US, UK Won't Sign Global Internet Treaty
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The United States and several other Western nations will not sign the United Nations' Internet Telecommunication Union's (ITU) new treaty on rules for the Internet and global telecommunications, citing provisions those countries say will limit the free flow of information and stifle innovation.
The U.K., Canada and Australia will also refuse to sign the treaty at the World Conference on International Telecommunications (WCIT) in Dubai, rendering the agreement "rather pointless, as the British tech journal "the Register remarked.
Kenya, the Netherlands, New Zealand, Sweden and Poland are other notable countries that refused to sign.
Despite the absence of those big names, the measure will be signed by most member countries.
The countries that are in agreement will sign the treaty today (Dec. 14). The treaty will allow governments to exert more control over how the Internet is used and monitored within their borders. Some observers have expressed concerns that the treaty will be used to enact undemocratic regulations over the Web.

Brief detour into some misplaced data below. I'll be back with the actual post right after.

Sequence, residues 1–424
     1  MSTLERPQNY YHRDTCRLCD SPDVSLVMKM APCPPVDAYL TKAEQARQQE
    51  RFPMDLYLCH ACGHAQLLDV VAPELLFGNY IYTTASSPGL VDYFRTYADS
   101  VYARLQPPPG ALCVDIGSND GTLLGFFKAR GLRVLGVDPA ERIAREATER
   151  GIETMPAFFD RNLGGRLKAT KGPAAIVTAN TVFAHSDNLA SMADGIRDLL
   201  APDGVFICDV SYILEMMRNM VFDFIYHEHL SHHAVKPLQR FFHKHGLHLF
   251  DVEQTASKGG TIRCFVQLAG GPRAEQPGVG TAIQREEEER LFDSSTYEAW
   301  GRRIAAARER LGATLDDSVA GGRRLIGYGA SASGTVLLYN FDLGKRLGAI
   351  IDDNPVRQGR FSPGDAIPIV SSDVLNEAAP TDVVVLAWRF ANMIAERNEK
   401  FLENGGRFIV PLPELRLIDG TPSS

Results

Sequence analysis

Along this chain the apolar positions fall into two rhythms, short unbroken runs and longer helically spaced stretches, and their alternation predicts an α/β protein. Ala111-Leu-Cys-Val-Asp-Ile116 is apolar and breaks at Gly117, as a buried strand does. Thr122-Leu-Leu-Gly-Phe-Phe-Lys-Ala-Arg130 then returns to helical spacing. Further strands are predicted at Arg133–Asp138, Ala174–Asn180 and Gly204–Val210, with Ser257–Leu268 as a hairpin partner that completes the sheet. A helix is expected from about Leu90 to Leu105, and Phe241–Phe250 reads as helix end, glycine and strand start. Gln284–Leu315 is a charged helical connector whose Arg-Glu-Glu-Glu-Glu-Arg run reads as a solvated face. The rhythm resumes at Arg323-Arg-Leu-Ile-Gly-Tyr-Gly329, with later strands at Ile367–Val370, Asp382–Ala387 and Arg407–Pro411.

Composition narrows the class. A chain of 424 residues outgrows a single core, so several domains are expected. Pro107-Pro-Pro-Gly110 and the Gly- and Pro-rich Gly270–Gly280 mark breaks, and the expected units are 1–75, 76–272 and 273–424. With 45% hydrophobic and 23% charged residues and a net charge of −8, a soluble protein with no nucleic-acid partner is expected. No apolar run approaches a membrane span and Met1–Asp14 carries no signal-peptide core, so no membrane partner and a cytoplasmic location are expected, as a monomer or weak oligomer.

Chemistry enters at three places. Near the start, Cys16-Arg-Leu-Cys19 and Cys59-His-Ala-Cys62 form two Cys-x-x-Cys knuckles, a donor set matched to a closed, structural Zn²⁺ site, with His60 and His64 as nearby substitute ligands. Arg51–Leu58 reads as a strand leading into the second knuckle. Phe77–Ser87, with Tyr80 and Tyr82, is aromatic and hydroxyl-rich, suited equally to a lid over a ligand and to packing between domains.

The ITU is a U.N. agency charged to handle issues regarding communication technologies. It began as a standardization organization covering telegraph traffic, and now coordinates global radio spectrum use and satellite orbits.
It also does advocacy and outreach work in the developing world, where access to communication tools are not readily available.
Once signed, the new treaty will take the place of the WCIT's 1988 treaty, which dealt mainly with voice communications. The new treaty will address issues raised by the Internet and other newer technologies that have dramatically transformed the way the world communicates.
If signed by India, the Register pointed out, the treaty would cover more than half of the world's population, but not the majority of the Internet’s users.
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